Mathematician Who Cracked Nazi Code To Win World War II To Appear On Note

Manchester: Mathematician Alan Turing, whose cracking of a Nazi code helped the Allies to win World War Two but who committed suicide after being convicted for homosexuality, will appear on the Bank of England's new 50-pound banknote, the BoE said on Monday.

"As the father of computer science and artificial intelligence, as well as war hero, Alan Turing's contributions were far-ranging and path-breaking," BoE Governor Mark Carney, who took the final decision on the character selection, said.

"Turing is a giant on whose shoulders so many now stand."

Turing's electromechanical machine, a forerunner of modern computers, unravelled the Enigma code used by Nazi Germany and helped give the Allies an advantage in the naval struggle for control of the Atlantic.

His work at Bletchley Park, Britain's wartime code-breaking centre, was credited with shortening the war and saving many thousands of lives.

But he was stripped of his job and chemically castrated after being convicted of gross indecency in 1952 for having sex with a man. Homosexual sex was illegal in Britain until 1967.

Turing killed himself in 1954, aged 41, with cyanide. He was granted a royal pardon by Queen Elizabeth in 2013 for the criminal conviction that led to his suicide.

Rights campaigner Peter Tatchell, who campaigned for Turing's pardon and organised LGBT activists to vote for him in an early round of nominations for the banknote selection, said it was a breakthrough to have a known gay person appear on an English banknote for the first time.

"This is a much-deserved accolade for one of the greatest minds of the twentieth century," Tatchell said.

A 2014 film, "The Imitation Game", starring Benedict Cumberbatch as Turing, won an Oscar for best adapted screenplay.

In 2017, under new legislation known as "Turing's Law", Britain granted posthumous pardons to thousands of gay and bisexual men who were convicted of sexual offences under laws which have since been abolished

As well as an image of Turing, the new note will feature a table and mathematical formulae from a 1936 paper by Turing on computable numbers, an image of a pilot computer and technical drawings for the machines used to break the Enigma code.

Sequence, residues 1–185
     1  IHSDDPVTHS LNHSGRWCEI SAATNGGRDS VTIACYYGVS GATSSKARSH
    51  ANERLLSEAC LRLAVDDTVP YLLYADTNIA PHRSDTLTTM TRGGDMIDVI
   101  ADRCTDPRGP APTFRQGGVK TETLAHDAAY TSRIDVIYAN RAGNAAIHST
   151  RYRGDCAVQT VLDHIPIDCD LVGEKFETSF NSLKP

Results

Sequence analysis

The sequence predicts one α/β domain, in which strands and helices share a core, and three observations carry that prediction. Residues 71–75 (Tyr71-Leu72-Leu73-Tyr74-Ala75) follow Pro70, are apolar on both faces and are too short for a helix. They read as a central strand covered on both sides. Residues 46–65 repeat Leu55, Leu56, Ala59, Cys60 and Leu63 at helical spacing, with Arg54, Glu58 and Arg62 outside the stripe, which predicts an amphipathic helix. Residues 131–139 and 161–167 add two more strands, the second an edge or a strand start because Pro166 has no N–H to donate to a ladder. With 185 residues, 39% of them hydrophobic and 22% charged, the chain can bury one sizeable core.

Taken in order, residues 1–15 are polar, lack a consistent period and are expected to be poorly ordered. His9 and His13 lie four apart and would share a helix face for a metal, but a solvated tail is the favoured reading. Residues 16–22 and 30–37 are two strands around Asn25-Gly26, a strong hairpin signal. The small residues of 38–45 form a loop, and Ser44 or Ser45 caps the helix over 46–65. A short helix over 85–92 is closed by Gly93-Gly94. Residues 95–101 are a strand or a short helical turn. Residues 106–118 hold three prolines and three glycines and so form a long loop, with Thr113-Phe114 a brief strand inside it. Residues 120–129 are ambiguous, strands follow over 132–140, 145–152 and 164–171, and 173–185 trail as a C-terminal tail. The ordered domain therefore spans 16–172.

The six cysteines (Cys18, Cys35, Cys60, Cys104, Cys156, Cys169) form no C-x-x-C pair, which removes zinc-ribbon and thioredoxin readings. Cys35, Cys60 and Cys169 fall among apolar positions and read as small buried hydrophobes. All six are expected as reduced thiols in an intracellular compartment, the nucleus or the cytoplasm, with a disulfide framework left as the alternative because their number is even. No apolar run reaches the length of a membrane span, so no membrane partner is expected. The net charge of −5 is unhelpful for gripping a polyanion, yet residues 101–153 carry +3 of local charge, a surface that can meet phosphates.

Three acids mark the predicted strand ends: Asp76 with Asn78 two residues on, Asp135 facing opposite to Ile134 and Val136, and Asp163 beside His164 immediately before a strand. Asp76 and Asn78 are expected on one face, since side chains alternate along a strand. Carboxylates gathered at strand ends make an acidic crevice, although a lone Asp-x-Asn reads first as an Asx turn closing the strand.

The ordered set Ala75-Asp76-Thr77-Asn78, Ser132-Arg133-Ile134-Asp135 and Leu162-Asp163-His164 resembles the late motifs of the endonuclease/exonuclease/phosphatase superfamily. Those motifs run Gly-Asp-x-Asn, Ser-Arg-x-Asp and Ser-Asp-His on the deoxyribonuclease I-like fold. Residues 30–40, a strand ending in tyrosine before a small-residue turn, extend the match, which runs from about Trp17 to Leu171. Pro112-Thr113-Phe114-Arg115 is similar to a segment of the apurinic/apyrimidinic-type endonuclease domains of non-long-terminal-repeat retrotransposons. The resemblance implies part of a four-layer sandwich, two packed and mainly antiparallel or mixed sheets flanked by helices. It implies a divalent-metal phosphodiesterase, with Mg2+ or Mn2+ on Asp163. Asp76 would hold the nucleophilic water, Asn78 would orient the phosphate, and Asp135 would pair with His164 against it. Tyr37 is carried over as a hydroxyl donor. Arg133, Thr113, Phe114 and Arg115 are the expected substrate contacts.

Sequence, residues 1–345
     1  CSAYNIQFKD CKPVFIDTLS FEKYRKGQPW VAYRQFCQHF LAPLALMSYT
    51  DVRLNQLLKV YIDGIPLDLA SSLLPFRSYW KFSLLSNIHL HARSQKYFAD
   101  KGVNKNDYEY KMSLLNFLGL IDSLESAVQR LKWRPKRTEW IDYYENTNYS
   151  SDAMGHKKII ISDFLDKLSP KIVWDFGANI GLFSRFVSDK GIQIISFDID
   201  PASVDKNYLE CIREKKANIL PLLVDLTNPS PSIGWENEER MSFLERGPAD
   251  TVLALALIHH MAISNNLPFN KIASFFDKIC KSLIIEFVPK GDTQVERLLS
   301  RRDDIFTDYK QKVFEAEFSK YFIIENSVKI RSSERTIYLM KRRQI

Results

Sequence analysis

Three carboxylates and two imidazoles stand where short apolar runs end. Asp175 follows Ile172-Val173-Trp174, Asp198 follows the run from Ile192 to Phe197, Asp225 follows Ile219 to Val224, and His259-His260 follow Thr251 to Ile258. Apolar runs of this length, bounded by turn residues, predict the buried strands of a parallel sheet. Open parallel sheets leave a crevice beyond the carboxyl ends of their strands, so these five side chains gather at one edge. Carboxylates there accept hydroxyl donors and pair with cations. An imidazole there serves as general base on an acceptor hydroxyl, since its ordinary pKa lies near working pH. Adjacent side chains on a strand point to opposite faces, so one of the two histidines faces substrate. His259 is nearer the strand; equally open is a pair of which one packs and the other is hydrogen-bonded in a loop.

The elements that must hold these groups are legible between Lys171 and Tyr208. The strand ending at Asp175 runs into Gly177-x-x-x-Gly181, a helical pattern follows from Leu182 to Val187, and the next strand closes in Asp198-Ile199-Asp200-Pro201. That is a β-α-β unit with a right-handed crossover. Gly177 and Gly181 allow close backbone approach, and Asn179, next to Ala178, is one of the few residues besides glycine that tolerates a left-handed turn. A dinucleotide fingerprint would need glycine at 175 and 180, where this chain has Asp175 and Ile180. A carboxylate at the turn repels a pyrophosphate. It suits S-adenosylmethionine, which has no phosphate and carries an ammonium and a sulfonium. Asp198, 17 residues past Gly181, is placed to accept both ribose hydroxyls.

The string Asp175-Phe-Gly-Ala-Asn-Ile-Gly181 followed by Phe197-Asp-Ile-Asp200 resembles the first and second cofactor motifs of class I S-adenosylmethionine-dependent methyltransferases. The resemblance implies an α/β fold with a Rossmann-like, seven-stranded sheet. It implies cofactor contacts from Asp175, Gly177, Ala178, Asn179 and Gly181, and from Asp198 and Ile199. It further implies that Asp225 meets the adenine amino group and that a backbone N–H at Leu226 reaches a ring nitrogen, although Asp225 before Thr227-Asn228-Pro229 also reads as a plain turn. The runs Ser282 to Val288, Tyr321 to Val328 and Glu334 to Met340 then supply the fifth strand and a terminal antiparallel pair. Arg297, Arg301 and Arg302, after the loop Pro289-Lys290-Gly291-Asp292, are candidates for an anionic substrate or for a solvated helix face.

The note will also include a quote by Turing about the rise of machine intelligence: "This is only a foretaste of what is to come, and only the shadow of what is going to be."

The 50-pound note is the BoE's highest-value banknote and is rarely used in daily transactions. The new note is expected to enter circulation by the end of 2021, the BoE said.

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Vladimir Putin Says 'Not A Problem' Not To Be Invited To D-Day Anniversary

Petersburg: Russian President Vladimir Putin on Thursday said it was "not a problem" that he was not invited to the 75th anniversary of the D-Day landings in northern France, attended by other world leaders.

"We also don't invite everyone to every event. Why should I be invited everywhere?" he said of the memorial at which US President Donald Trump spoke along with French leader Emmanuel Macron.

"I have enough business of my own here," he said during an economic forum in Saint Petersburg.

Putin was at the 70th anniversary of the landings but this week Moscow insisted on the significance of D-Day in the outcome of World War II should not be overplayed.

Russia regularly accuses the West of failing to properly understand or acknowledge the enormous human losses -- estimated at 27 million deaths -- the Soviet Union suffered in the conflict.

Russians in turn often know little about the Western Front or the aid that the Soviet Union received from the United States to fight the war.

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Soviet Union oddly missing from US-made coin ‘saluting’ WWII Allies

A US-made collectable coin lists Britain and France among the honored US allies in WWII, but, strangely, the Soviet Union, whose Red Army delivered a crushing blow to the Nazis in Europe and fought Japan, is omitted.

The 24-carat gold-plated coin was designed by collectable goods and jewelry company Bradford Exchange. It was the first entry into a collection meant to commemorate the 75th anniversary of the Allied victory in WWII, depicting “key” Allied battles and honoring the Allied nations.